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Who’s Watching Me? Tips to Protect Your Privacy in the Digital World


Over the past couple years we’ve seen digital privacy take the world by storm. Recent revelations about government snooping, data breaches releasing personal information, mobile apps tracking your every move, social media sites exposing your personal life for their gain, etc. shows why digital privacy has become such a huge concern for anyone utilizing the internet today.

With these technologies grafted into our everyday lives, we need to understand the difference between privacy and secrecy before we dig any deeper. Privacy is what we choose to share with other people, or technology for that matter, while secrecy is protecting something from ever being seen. With this in mind let’s look at a few options we have to keep our digital persona private in a very public internet.

Secure your connection

Protecting your privacy is a multi-layered approach, but securing your connection to the internet is where you need to start. By logging into insecure public networks, such as at cafes, airports etc. you’re completely exposed to the risks of cyber snooping. Use VPN services or anonymizers, such as Tor, that can provide reasonably private connection to the internet even in public places. This doesn’t eliminate the risk entirely, but it does help lower the threats of malicious snooping.

Monitor your settings

Once you have a secure and private connection to the internet, you still need to tighten up the privacy settings of the services and applications you’re using. In all likelihood many of these applications have loose privacy restrictions set on purpose to enable to enable people to collaborate freely. Often popular search engines and social media sites allow you to tighten your privacy restrictions, but then issue updates that reverse the changes you’ve applied. So you need to check and verify privacy settings very regularly to make sure they’re set the way you assumed they were. Always read the privacy policy of a website that has your personal data on it. These are subject to change and leave your personal information at risk.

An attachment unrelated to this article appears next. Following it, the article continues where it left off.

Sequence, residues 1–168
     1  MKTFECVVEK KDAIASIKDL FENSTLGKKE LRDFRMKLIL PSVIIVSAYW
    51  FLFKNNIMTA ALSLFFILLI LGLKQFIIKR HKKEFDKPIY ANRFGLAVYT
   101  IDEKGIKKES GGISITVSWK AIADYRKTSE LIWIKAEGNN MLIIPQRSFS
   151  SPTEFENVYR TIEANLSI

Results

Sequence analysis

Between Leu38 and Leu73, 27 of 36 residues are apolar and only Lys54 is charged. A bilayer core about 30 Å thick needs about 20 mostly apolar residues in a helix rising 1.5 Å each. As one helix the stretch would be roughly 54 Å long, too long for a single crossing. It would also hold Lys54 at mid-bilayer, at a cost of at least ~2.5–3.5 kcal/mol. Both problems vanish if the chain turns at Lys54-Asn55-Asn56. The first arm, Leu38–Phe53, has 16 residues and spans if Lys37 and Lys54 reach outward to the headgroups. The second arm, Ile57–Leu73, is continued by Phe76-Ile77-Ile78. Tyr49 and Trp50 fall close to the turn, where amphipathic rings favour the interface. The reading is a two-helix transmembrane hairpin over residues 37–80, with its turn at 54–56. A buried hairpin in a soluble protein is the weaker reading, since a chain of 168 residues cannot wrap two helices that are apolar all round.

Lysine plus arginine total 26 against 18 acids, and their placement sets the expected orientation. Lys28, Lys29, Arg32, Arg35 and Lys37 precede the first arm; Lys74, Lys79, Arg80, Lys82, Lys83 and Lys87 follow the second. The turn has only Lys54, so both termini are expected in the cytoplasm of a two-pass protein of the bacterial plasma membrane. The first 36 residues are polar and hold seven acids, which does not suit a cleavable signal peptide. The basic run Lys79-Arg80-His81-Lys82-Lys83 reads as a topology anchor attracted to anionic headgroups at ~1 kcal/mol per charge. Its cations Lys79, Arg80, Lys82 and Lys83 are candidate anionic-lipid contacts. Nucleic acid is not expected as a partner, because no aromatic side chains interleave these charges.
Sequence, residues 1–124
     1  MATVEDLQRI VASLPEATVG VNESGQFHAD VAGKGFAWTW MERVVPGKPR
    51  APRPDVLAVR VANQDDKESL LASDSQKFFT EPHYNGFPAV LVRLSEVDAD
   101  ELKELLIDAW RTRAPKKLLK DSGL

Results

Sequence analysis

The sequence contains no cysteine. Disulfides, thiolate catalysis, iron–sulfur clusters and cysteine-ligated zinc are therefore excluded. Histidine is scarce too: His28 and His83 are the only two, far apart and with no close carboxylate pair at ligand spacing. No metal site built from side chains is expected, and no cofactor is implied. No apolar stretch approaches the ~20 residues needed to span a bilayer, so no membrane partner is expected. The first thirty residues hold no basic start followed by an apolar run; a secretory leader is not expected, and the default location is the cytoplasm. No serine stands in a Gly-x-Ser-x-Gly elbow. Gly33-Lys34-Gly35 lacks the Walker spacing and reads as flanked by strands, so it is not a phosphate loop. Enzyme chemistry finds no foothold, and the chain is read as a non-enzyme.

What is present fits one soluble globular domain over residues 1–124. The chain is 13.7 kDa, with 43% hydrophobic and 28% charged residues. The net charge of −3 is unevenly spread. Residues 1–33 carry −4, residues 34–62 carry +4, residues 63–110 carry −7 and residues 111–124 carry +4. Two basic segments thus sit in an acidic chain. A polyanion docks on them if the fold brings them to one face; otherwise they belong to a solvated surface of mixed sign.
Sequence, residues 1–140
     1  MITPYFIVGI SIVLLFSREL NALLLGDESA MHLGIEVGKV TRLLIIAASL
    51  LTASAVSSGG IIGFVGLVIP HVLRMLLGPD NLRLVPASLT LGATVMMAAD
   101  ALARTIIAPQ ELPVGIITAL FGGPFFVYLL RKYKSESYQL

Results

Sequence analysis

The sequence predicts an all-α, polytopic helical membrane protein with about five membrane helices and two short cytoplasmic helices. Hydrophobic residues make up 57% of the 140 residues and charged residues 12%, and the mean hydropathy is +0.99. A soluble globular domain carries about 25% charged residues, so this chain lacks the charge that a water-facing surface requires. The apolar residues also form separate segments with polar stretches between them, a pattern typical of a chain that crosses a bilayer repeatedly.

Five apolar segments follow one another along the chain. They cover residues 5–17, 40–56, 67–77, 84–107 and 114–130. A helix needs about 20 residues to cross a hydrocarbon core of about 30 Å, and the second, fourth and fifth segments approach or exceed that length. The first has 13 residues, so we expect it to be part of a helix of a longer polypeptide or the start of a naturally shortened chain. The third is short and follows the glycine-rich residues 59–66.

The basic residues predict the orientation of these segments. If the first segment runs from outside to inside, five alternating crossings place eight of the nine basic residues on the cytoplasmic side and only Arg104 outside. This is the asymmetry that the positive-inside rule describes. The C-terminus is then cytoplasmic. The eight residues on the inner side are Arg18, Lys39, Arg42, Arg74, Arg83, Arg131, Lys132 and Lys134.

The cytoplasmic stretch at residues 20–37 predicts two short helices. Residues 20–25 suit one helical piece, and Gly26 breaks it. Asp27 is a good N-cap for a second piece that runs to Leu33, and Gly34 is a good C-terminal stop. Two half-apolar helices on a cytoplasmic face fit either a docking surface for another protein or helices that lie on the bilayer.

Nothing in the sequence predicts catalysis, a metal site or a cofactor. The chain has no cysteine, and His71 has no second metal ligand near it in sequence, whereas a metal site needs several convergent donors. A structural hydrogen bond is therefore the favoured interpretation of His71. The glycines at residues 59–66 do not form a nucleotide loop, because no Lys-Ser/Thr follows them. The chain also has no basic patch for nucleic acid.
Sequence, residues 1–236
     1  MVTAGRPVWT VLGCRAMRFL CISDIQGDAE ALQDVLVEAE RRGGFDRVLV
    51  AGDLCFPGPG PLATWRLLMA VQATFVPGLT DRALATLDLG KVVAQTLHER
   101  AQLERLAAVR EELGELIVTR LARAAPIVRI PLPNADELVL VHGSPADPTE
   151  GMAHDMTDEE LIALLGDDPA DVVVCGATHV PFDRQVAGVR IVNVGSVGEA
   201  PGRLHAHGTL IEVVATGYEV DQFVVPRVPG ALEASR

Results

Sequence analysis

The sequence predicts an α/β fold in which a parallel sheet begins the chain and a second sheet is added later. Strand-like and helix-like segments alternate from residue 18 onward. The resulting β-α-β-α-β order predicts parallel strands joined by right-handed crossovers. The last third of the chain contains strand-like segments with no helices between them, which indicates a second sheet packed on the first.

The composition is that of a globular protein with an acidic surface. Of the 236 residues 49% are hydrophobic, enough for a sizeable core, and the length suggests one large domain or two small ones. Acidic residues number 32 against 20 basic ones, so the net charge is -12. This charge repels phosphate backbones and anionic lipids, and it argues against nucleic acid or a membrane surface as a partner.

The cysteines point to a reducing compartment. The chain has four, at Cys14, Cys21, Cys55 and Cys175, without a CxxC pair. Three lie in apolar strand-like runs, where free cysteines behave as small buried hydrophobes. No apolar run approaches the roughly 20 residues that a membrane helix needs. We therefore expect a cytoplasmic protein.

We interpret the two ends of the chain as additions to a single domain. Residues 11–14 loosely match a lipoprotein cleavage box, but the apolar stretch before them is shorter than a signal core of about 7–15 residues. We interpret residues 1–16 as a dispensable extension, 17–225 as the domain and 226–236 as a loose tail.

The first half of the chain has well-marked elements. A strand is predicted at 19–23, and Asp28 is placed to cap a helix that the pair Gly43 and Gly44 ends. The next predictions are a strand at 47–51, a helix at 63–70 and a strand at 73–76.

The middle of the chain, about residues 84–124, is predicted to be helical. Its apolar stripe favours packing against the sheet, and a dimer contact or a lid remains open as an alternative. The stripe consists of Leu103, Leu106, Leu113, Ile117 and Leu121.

Be careful!

Be careful about giving sensitive data to websites or applications that don’t really need them. Many sites these days ask for the world, but often times you don’t actually need to give them all your private data just to create an account with them. They want this data in order to get a better idea of your demographics so that they can market to you. Moreover they are likely selling this data too. Protect your sensitive data, birth date, email address, social security, etc., if you can and be very careful what you give out over the internet.

Use tools

There are many tools which can be downloaded that force privacy within your browsers, computers and mobile devices at no cost.  A few of the tools that allow for a more private browsing experience are:

  • Ghostery – This pluggin allows you to view the companies that are tracking you while visiting a website. Many sites pull information from you and then sell it to other providers.
  • No Script – This is a pluggin that blocks scripts that run in your browser. Many of these scripts can pull private information without asking.